By Mark Clayton, Staff writer of The Christian Science Monitor
If a terrorist tried to sneak a "dirty" bomb into the United States,
would anyone notice?
Possibly. Radiation detectors rushed into service since 9/11 might
sound the alarm at seaports, border checkpoints, and mail-handling
Then again, the sensors have been set off by everything from loads of
kitty litter to bananas. And a smart terrorist could hide a
basketball-size chunk of highly enriched uranium by using lead
shielding less than an inch thick.
That's why the US is set to begin deploying a new generation of
radiation detectors intended to be America's "last line of defense"
against weapons of mass destruction. By early spring, the Department
of Homeland Security (DHS) will pick technologies from among 10
companies, whose newest generation of nuclear detectors was tested in
the Nevada desert this summer. Their devices will begin field-testing
at a few ports of entry by next June, with a full-production decision
expected by 2007.
Some experts are breathing a sigh of relief. "We're now on the cusp of
seeing the next generation of [nuclear and radiological] detectors,"
says Benn Tannenbaum, a physicist and expert on sensor technology at
the Center for Science, Technology & Security Policy at the American
Association for the Advancement of Science in Washington.
But others say the US is not moving fast enough to install a
multilayered defense against one of its biggest security
threats. While billions of dollars have been spent on biological
countermeasures, nuclear detection efforts have lagged.
"Little steps are being taken that may be in the right direction,"
says Richard Wagner Jr., a senior staffer at Los Alamos National
Laboratory, who served in the Pentagon during the Reagan
administration. "It's the rate of progress I'm concerned about."
Alarming evidence that the pace may be picking up as disturbing
About a year ago, the National Intelligence Council warned that
"undetected smuggling has occurred, and we are concerned about the
total amount of [nuclear and radiological] material that could have
been diverted or stolen in the past 13 years" around the world.
The International Atomic Energy Agency (IAEA), which has documented
650 cases of trafficking since 1993, echoed that report.
About $300 million has been spent by the Department of Homeland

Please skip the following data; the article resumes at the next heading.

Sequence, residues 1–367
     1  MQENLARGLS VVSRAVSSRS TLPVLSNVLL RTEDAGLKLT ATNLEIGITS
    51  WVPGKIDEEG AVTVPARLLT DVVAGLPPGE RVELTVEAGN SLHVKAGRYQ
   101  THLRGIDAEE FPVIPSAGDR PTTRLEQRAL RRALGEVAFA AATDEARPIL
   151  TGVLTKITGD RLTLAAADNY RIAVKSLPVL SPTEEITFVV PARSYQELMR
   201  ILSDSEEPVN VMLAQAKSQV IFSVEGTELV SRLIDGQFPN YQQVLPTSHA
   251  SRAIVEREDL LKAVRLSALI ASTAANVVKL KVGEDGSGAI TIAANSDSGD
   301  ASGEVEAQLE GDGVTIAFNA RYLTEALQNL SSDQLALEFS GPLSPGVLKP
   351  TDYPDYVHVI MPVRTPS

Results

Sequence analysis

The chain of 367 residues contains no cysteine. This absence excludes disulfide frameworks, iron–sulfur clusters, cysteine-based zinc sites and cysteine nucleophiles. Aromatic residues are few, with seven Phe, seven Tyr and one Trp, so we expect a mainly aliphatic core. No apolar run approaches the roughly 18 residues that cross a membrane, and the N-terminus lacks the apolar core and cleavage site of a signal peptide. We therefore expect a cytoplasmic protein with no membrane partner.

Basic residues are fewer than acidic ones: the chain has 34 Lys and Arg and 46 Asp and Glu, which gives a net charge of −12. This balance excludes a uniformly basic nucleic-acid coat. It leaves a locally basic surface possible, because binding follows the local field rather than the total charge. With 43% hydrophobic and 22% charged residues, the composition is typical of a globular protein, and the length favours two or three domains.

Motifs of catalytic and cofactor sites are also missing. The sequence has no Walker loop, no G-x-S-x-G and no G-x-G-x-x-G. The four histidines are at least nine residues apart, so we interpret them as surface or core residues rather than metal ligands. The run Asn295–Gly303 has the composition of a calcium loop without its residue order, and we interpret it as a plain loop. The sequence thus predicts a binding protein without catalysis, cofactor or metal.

Security since 1994 to deploy 470 radiation-detection systems at
America's border crossings and ports, according to a Government
Accountability Office report in June.
But their shortcomings have become obvious.
In March, DHS officials told Congress port detectors were working and
had registered at least 10,000 radiation hits.
But questions about the value of those hits arose in a June
congressional hearing, when the security manager for the Port
Authority of New York and New Jersey reported 150 "false positives"
That amounted to a false alarm -- and possibly a time-consuming search
-- for about 1 in every 40 shipping containers. The resulting delays,
in turn, often caused detection sensitivity to be turned down,
crippling a sensor's ability to detect weapons material, the Port
Authority security manager and other experts say.
Next-generation sensors will generally be far smaller, often mobile, and
smarter -- networked with other sensors and able to detect the difference
between radiation emitted from a nuclear bomb and a load of bananas.
New homeland security officeOverseeing the effort is a brand new
office within the Department of Homeland Security devoted to one goal:
detecting terrorist nuclear material before it can get into the
Established by presidential directive in April, its first assignment
is to create a network of US nuclear detectors as part of a larger
"global architecture" of detectors to be deployed overseas.
"We anticipate mobile detection systems and fixed systems ... that